American sculptor Fred Eversley, creator of “Light, Space, Surface: Works from the Los Angeles County Museum of Art,” joined curator Kim Conaty for a virtual artist conversation over Zoom on Saturday, February 12. The exhibition is being displayed in the Addison Gallery of American Art until March 20, 2022. After retiring from engineering at age 25, Eversley began his pursuit of art influenced by science and technology. His work is now exhibited in over 200 museums and galleries worldwide.
Eversley was first introduced to sculpting after working alongside artist Charles Maddox. The initial works he crafted under Maddox would lay as the foundation for his later artistic pieces to follow.
“There was an artist named Charles Maddox, and he offered to share his studio in return for me to engineer his sculptures committing to his thoughts. Casting multiple ways and conceptual planes of plastic, using the colors that I found on shovels, different types of materials, and using a special type of machinery to capture the colorfulness and subtlety of colors. They were powerful, as you see me using them, and they cover various shapes. They later became my first series of sculptures,” said Eversley.
Pieces in the exhibition investigate the understanding of the form, volume, presence, transparency, and absence of light. Eversley also explored novel mediums of art, experimenting with newly developed industrial materials including sheet acrylic, fiberglass, and polyester resin.
“’Light, Space, Surface’ draws on LACMA (Los Angeles County Museum of Art)’s deep holdings of this material, revealing the vibrancy and diversity of this aspect of American art history. Featured artists include Larry Bell, Billy Al Bengston, Judy Chicago, Mary Corse, Fred Eversley, Robert Irwin, John McCracken, James Turrell, and Doug Wheeler, among others,” according to the Addison Gallery’s website.
As the curator of the exhibit, Conaty guided the audience in exploring Eversley’s artistry while providing context for his artwork. Conaty also expressed appreciation for the experience of presenting with Eversley.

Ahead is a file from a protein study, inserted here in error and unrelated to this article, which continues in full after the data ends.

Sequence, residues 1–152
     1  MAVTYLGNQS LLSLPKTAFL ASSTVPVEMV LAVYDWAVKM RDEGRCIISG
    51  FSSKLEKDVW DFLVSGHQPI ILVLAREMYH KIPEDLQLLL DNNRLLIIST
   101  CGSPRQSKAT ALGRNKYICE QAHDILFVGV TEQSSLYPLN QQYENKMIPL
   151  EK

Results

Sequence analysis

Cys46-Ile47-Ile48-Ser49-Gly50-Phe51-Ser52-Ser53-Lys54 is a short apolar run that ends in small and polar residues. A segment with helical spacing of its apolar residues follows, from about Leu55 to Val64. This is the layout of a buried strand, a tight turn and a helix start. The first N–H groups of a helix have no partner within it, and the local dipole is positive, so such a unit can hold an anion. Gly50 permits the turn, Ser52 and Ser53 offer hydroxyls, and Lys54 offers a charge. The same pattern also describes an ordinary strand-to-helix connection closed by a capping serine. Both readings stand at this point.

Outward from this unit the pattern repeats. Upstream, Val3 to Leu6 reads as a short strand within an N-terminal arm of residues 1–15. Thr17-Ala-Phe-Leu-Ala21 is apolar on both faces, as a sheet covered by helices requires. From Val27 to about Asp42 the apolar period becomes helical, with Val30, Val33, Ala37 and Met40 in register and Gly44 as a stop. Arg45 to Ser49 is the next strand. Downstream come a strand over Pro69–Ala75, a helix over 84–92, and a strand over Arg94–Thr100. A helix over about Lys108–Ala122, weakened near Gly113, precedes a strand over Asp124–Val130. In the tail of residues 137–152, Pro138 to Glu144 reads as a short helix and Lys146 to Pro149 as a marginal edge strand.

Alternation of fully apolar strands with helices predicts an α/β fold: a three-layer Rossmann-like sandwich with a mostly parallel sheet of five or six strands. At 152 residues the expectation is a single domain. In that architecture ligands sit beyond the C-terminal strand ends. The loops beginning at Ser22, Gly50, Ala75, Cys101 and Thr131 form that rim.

“I don’t know if I’ve ever had more fun as a curator, putting on an exhibition together with Fred, these works are so fabulous to work with, and to be installing these works with Fred and thinking about how you can actually use the skylight. I feel like as curators we’re always trying to find ways to show work without having too much light on it, and here it was welcoming and dynamic and you want people to be able to walk around them from all angles and that was a very exciting project,” said Conaty.
In addition, Conaty led the virtual conversation and allowed the audience to learn more about Eversley. Conaty inquired about Eversley’s years as an engineer and his work experience in Venice, which was a turning point in his career.
“The president of this laboratory, his son, Steven, was one of my fraternity buddies at Carnegie Mellon. And he wanted me to come work for them and I was given the freedom to do special projects as opposed to doing normal day-to-day laboratory kind of things. I ended up designing the acoustic laboratories for NASA Houston, for both the APOLLO and GEMINI missions, and for the European Space Agency in Munich. I became one of the most knowledgeable people in the country for high intensity acoustic facilities, and they involved concentrations of acoustical energy to simulate the mechanical properties that a spaceship feels when it gets launched into space,” said Eversley.
Sean Winston-Luo ’24 expressed that the conversation was honest and provided insight into the exhibition. He commented on the contemporary element of Eversley’s work, noting that his exhibit feels fresh in comparison to older artworks.
“I thought it was a great opportunity to get exposure to interesting art, since not many schools have these types of exhibitions. I feel like working with light is a very modern idea, and I thought the exhibit felt open and natural. When I go to Europe, I go to the art museums, and they always have a lot of renaissance art. Especially at the Louvre, where there’s just roves of canvas paintings, it’s just the same old stuff. But I felt that this exhibit felt interesting and unconventional from the others,” said Lou.
William Suh ’24 felt inspired by the conversation and Eversley’s ability to innovate art from unconventional ideas. He contemplated on the possibilities for creating art from trivial artifacts that he has seen in his daily life.
Suh said, “My biggest takeaway was how the artist talked about the form of the art, where he used the example of an art experiment with water he did when he was young and how the shapes work. To see that such small observations can inspire him so much is also inspiring to myself. It makes me think about the amorphous things or other concepts that I have actually observed in real life and how that can be turned into art.”
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